Rehabilitate and release injured or accidentally caught individuals: Crocodilians

How is the evidence assessed?
  • Effectiveness
    not assessed
  • Certainty
    not assessed
  • Harms
    not assessed

Study locations

Key messages

  • One study evaluated the effects of rehabilitating and releasing injured or accidentally caught crocodilians on their populations. This study was in India.



  • Reproductive success (1 study): One study in India found that found that breeding occurred in a rehabilitated and released population of mugger crocodiles four years after the first release.
  • Survival (1 study): One study in India found that seven of eight rehabilitated and released mugger crocodiles survived for at least 1–4 years after release.


About key messages

Key messages provide a descriptive index to studies we have found that test this intervention.

Studies are not directly comparable or of equal value. When making decisions based on this evidence, you should consider factors such as study size, study design, reported metrics and relevance of the study to your situation, rather than simply counting the number of studies that support a particular interpretation.

Supporting evidence from individual studies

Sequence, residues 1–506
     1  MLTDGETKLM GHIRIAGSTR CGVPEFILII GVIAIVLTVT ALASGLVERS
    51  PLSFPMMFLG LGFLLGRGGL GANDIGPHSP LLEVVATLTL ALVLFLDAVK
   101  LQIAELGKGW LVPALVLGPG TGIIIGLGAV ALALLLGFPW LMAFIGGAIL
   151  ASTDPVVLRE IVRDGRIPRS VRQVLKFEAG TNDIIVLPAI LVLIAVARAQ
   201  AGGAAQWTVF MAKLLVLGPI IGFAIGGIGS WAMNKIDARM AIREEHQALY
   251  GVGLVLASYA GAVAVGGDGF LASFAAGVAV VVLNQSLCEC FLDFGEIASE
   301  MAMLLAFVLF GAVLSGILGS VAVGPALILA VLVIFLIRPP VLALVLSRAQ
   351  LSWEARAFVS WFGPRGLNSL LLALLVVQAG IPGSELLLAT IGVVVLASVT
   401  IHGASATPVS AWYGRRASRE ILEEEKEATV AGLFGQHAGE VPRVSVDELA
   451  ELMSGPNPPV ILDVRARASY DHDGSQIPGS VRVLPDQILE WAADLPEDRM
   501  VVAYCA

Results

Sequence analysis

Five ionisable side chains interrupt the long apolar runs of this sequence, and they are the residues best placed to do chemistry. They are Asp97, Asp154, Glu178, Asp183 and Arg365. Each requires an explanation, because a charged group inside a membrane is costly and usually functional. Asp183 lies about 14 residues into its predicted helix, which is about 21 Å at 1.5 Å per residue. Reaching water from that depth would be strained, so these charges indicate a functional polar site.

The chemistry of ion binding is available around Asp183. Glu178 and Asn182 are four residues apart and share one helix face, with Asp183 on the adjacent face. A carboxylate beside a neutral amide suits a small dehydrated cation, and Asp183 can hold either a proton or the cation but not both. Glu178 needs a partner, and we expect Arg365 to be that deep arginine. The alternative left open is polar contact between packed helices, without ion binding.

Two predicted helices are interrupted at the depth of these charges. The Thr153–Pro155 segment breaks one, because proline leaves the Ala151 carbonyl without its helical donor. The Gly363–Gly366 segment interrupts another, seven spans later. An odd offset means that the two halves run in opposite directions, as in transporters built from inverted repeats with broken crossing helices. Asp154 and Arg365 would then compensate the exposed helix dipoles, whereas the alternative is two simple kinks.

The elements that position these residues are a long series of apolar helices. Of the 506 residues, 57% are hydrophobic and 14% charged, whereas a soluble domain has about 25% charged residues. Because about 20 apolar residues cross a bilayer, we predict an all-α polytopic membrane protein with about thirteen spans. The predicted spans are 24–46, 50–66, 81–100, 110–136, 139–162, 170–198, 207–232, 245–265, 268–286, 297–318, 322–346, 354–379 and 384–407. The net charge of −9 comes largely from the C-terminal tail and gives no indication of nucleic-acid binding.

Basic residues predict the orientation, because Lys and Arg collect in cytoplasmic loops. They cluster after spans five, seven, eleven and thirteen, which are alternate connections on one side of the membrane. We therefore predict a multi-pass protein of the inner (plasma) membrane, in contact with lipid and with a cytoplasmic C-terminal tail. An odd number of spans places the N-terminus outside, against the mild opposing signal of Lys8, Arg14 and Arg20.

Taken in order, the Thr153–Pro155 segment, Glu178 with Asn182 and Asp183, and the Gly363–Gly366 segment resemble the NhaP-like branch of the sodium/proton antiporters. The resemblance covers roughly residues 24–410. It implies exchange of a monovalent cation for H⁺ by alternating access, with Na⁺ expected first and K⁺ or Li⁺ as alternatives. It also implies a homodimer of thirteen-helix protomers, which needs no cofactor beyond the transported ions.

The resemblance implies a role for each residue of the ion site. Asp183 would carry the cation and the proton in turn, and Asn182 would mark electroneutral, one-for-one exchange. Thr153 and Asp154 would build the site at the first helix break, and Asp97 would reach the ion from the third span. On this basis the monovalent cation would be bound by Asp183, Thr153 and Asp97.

1. A study in 1977–1981 in a river with a series of pools in Andhra Pradesh, India (Choudhury & Bustard 1982) found that accidentally captured mugger crocodiles Crocodylus palustris that were raised in captivity before being released survived for at least 1-4 years following release. At least seven of eight released crocodiles survived for at least 1–4 years after release. All crocodiles were re-sighted at the release site, or within 100–3,000 m away. Authors reported that the first breeding took place four years after the first release. In 1977–1980, eight mugger crocodiles (5 females and 3 males) were released following rearing in captivity. Crocodiles were between 1.1–1.9 m in length at the time of release. Prior to the release, grazing of cattle and goats along the river bank, fishing and use of the area for swimming and bathing were banned. After release, crocodiles were monitored by both research staff and by staff who were there to protect the release site.

    Study and other actions tested
Please cite as:

Sainsbury K.A., Morgan W.H., Watson M., Rotem G., Bouskila A., Smith R.K. & Sutherland W.J. (2021) Reptile Conservation: Global Evidence for the Effects of Interventions for reptiles. Conservation Evidence Series Synopsis. University of Cambridge, Cambridge, UK.

Where has this evidence come from?

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Reptile Conservation

This Action forms part of the Action Synopsis:

Reptile Conservation
Reptile Conservation

Reptile Conservation - Published 2021

Reptile synopsis

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